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Open Access Research article

Architecture of Burkholderia cepacia complex σ70 gene family: evidence of alternative primary and clade-specific factors, and genomic instability

Aymeric Menard12, Paulina Estrada de los Santos12, Arnault Graindorge12 and Benoit Cournoyer123*

Author Affiliations

1 Université de Lyon, Lyon, France

2 Research group on «Bacterial Opportunistic Pathogens and Environment», UMR5557 Ecologie Microbienne, Université Lyon 1, CNRS, and Ecole Nationale Vétérinaire de Lyon, France

3 UMR CNRS 5557 Ecologie Microbienne, Mendel Bldg., 5th floor, Université Lyon 1, 69622 Villeurbanne Cedex, France

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BMC Genomics 2007, 8:308  doi:10.1186/1471-2164-8-308

Published: 4 September 2007

Abstract

Background

The Burkholderia cepacia complex (Bcc) groups bacterial species with beneficial properties that can improve crop yields or remediate polluted sites but can also lead to dramatic human clinical outcomes among cystic fibrosis (CF) or immuno-compromised individuals. Genome-wide regulatory processes of gene expression could explain parts of this bacterial duality. Transcriptional σ70 factors are components of these processes. They allow the reversible binding of the DNA-dependent RNA polymerase to form the holoenzyme that will lead to mRNA synthesis from a DNA promoter region. Bcc genome-wide analyses were performed to investigate the major evolutionary trends taking place in the σ70 family of these bacteria.

Results

Twenty σ70 paralogous genes were detected in the Burkholderia cenocepacia strain J2315 (Bcen-J2315) genome, of which 14 were of the ECF (extracytoplasmic function) group. Non-ECF paralogs were related to primary (rpoD), alternative primary, stationary phase (rpoS), flagellin biosynthesis (fliA), and heat shock (rpoH) factors. The number of σ70 genetic determinants among this genome was of 2,86 per Mb. This number is lower than the one of Pseudomonas aeruginosa, a species found in similar habitats including CF lungs. These two bacterial groups showed strikingly different σ70 family architectures, with only three ECF paralogs in common (fecI-like, pvdS and algU). Bcen-J2315 σ70 paralogs showed clade-specific distributions. Some paralogs appeared limited to the ET12 epidemic clone (ecfA2), particular Bcc species (sigI), the Burkholderia genus (ecfJ, ecfF, and sigJ), certain proteobacterial groups (ecfA1, ecfC, ecfD, ecfE, ecfG, ecfL, ecfM and rpoS), or were broadly distributed in the eubacteria (ecfI, ecfK, ecfH, ecfB, and rpoD-, rpoH-, fliA-like genes). Genomic instability of this gene family was driven by chromosomal inversion (ecfA2), recent duplication events (ecfA and RpoD), localized (ecfG) and large scale deletions (sigI, sigJ, ecfC, ecfH, and ecfK), and a phage integration event (ecfE).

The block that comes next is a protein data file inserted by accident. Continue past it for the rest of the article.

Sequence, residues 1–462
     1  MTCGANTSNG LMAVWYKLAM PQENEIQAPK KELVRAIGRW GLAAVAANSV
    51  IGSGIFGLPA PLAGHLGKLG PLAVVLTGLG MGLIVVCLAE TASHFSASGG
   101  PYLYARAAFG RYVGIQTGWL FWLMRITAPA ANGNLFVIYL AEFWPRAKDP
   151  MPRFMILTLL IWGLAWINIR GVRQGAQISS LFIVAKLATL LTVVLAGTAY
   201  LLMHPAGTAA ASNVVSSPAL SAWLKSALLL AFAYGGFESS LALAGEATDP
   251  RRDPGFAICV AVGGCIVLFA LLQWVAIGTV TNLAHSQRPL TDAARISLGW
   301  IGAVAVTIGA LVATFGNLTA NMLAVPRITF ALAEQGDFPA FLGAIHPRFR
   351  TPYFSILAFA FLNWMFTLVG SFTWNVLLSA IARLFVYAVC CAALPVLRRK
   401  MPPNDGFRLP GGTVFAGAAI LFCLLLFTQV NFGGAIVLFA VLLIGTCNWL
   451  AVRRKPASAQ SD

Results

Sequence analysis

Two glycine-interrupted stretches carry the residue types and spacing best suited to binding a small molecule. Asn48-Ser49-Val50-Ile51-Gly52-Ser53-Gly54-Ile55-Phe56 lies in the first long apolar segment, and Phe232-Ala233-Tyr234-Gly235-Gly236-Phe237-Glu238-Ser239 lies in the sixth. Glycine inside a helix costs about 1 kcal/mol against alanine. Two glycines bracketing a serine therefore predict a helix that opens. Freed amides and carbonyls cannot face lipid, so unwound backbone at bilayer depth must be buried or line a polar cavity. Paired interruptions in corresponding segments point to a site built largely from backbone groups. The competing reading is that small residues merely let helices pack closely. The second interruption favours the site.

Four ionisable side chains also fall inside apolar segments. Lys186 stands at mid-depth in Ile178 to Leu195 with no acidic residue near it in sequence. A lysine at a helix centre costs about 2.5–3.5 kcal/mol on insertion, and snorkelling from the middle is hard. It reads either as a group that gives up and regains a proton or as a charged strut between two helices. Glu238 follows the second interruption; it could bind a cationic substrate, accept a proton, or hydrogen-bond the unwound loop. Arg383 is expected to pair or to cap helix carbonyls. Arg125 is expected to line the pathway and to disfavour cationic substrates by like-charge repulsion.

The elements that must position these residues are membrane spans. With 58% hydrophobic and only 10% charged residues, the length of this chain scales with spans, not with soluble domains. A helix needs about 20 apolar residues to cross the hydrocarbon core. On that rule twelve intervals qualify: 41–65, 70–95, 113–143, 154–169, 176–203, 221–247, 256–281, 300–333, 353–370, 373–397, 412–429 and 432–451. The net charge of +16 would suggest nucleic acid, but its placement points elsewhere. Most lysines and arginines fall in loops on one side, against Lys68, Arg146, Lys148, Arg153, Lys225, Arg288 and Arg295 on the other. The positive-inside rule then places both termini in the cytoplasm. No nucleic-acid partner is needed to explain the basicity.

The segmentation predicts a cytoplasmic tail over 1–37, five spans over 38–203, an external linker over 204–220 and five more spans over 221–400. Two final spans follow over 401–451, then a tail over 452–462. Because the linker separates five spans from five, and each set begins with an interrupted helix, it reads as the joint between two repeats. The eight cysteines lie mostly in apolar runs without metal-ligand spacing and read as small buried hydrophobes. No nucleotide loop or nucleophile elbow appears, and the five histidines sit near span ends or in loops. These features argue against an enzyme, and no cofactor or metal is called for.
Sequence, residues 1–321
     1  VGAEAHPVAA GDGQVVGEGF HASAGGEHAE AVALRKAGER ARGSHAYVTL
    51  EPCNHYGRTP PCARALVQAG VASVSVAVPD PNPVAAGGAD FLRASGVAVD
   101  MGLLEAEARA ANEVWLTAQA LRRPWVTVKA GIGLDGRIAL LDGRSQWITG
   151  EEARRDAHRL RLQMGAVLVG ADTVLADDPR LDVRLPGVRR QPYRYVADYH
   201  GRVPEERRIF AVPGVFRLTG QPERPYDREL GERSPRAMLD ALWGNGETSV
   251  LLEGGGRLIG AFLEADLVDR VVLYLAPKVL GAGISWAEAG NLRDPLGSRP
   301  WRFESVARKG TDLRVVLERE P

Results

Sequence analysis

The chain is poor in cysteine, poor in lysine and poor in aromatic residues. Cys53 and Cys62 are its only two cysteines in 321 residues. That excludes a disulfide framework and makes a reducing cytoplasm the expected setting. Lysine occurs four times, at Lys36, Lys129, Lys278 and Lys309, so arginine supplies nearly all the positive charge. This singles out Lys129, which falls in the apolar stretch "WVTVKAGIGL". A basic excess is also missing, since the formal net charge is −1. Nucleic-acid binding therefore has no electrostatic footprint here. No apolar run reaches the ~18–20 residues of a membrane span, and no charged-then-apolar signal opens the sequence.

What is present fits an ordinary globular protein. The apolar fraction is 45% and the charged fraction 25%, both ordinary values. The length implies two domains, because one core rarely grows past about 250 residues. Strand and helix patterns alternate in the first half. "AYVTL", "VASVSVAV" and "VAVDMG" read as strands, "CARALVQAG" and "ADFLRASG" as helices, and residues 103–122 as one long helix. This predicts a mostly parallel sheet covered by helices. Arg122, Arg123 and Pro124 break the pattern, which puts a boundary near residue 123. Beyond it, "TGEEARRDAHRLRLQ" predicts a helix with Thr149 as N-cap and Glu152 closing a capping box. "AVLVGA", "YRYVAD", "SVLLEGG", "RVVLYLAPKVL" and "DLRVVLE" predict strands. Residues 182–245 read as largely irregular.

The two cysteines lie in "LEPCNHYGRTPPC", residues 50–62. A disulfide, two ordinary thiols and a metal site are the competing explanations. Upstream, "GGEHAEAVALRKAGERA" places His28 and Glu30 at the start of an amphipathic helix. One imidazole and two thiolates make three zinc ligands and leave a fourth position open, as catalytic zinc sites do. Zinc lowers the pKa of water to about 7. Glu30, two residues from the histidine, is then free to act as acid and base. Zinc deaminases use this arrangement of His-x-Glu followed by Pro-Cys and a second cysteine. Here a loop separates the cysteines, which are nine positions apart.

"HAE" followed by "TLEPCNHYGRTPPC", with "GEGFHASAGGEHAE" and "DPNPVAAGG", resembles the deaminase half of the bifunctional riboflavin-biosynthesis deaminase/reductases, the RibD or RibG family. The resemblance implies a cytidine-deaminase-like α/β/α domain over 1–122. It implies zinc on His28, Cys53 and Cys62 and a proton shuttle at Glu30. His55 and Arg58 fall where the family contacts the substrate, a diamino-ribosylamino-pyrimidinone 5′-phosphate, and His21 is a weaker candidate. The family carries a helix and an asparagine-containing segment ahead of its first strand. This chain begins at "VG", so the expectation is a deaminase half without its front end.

Conclusion

The Bcc σ70 gene family was found to be under strong selective pressures that could lead to acquisition/deletion, and duplication events modifying its architecture. Comparative analysis of Bcc and Pseudomonas aeruginosa σ70 gene families revealed distinct evolutionary strategies, with the Bcc having selected several alternative primary factors, something not recorded among P. aeruginosa and only previously reported to occur among the actinobacteria.